R (RB) v First-tier Tribunal (Review) [2010] UKUT 160 (AAC)RB was conditionally discharged with a condition that he should not leave a care home without an escort; the MoJ sought a review on the basis that the condition constituted a deprivation of liberty and there was therefore no lawful discharge; the Regional Tribunal Judge set aside the conditional discharge, remitted the case to the First-tier Tribunal, and refused permission to appeal to the Upper Tribunal. (1) It is only appropriate for the First-tier Tribunal to exercise its set-aside powers where there has been a clear error of law; where the legal points are contentious the case should be allowed to proceed to the Upper Tribunal. (2) The RTJ's decisions were quashed/set aside, and permission was given to the MoJ to appeal against the conditional discharge. 2010‑06‑09 23:29:56 2010 cases, Detailed summary, Discharge conditions, Transcript, Upper Tribunal decisions


R (MJ (Angola)) v SSHD [2010] EWCA Civ 557(1) The MHA regime and the Immigration Act 1971 run in parallel in relation to a person who is both an immigrant and mentally ill, so the SSHD was entitled to decide to deport MJ notwithstanding that he was still subject to s37/41. (2) There is no express statutory limitation on the SSJ's power to discharge under the MHA; it can be used in order to facilitate deportation; the protection for the patient is that the power must be exercised rationally and without breaching his Convention rights. (3) For a settled migrant who has lawfully spent all or most of his childhood in the host country, especially where he committed the relevant offences as a juvenile, very serious reasons are required to justify expulsion; the AIT had not appreciated that very serious reasons were needed so the appeal was granted. 2010‑05‑22 08:57:19 2010 cases, Detailed summary, ICLR summary, Repatriation cases, Transcript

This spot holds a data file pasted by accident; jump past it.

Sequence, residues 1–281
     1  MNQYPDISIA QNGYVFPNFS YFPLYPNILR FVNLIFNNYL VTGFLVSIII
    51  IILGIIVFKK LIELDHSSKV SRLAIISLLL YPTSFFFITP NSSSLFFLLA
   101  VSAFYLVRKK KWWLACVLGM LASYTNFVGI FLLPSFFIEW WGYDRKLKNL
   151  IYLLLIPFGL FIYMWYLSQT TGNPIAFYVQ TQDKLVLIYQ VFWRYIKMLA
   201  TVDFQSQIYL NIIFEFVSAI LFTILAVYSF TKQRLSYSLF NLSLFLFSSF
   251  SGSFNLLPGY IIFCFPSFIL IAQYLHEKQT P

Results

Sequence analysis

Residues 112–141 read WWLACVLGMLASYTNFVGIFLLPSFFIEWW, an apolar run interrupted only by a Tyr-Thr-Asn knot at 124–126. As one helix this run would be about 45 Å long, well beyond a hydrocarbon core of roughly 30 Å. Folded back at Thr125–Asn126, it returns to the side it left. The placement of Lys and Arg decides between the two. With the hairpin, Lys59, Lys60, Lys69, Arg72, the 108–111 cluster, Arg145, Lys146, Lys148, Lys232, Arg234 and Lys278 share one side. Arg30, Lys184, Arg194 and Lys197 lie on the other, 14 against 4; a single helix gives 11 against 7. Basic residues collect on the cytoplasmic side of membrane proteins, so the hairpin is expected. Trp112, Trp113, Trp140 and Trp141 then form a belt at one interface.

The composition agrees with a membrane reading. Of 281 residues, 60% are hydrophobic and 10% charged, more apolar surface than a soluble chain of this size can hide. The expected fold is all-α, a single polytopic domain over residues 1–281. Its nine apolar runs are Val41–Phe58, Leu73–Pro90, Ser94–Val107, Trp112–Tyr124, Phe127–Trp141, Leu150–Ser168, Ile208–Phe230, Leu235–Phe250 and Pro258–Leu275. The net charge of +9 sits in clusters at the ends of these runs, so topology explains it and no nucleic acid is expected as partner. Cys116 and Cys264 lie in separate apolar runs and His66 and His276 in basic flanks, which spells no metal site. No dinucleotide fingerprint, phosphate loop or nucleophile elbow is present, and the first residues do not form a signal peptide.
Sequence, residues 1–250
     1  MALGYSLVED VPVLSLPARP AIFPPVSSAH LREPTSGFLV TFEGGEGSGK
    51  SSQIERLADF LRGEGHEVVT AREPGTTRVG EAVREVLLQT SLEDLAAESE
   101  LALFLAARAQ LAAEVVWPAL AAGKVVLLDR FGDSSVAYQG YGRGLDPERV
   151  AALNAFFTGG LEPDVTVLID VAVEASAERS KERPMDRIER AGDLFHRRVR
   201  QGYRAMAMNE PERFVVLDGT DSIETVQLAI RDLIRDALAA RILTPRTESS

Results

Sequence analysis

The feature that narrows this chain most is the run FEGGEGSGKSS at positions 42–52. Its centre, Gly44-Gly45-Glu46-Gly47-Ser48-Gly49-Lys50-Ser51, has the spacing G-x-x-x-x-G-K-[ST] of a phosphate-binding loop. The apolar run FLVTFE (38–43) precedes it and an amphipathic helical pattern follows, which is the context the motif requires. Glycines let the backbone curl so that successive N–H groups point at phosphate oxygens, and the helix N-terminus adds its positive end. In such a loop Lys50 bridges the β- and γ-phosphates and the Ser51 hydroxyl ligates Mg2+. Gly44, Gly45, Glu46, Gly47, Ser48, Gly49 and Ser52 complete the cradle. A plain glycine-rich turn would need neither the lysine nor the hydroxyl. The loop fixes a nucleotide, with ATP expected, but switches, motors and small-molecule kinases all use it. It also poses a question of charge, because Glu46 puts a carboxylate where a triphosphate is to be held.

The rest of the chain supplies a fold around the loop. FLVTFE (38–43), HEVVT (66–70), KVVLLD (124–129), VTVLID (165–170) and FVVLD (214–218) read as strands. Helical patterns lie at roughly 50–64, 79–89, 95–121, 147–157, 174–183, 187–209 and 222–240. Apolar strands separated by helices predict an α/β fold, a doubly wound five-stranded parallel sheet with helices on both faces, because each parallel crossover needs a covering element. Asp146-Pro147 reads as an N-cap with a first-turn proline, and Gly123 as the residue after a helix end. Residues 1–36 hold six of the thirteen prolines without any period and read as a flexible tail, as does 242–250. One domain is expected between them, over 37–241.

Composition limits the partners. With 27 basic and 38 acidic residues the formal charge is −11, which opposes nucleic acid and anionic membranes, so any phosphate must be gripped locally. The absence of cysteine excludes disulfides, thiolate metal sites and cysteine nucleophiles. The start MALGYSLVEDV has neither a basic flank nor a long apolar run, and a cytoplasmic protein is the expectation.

Re MP; LBH v GP (2009) FD08P01058(1) MP, who suffered from a learning disability and lacked capacity as to residence and contact, was removed from his mother's accommodation and conveyed by the police to a care home. On the facts, there was presently no deprivation of liberty and it was in MP's best interests to remain at the care home with the existing contact regime continuing. (2) Guidance was given, subsequently approved by the President of the Family Division and Court of Protection, for cases where a vulnerable or incapacited adult requires to be removed from premises with the help of the police. 2010‑05‑13 20:00:21 2009 cases, Deprivation of liberty, Detailed summary, Transcript


Re HM; PM v KH [2010] EWHC 870 (Fam)The case involved the abduction of P by his father to Israel in contravention of a best interests declaration. The judgment describes the various orders which were made to secure the return of P. Discussion of court's powers in relation to adults lacking capacity. The court has exactly the same powers when it is concerned to locate the whereabouts of a missing or abducted adult lacking capacity as when concerned to locate the whereabouts of a missing or abducted child. 2010‑05‑11 21:48:31 2010 cases, Best interests, Detailed summary, Transcript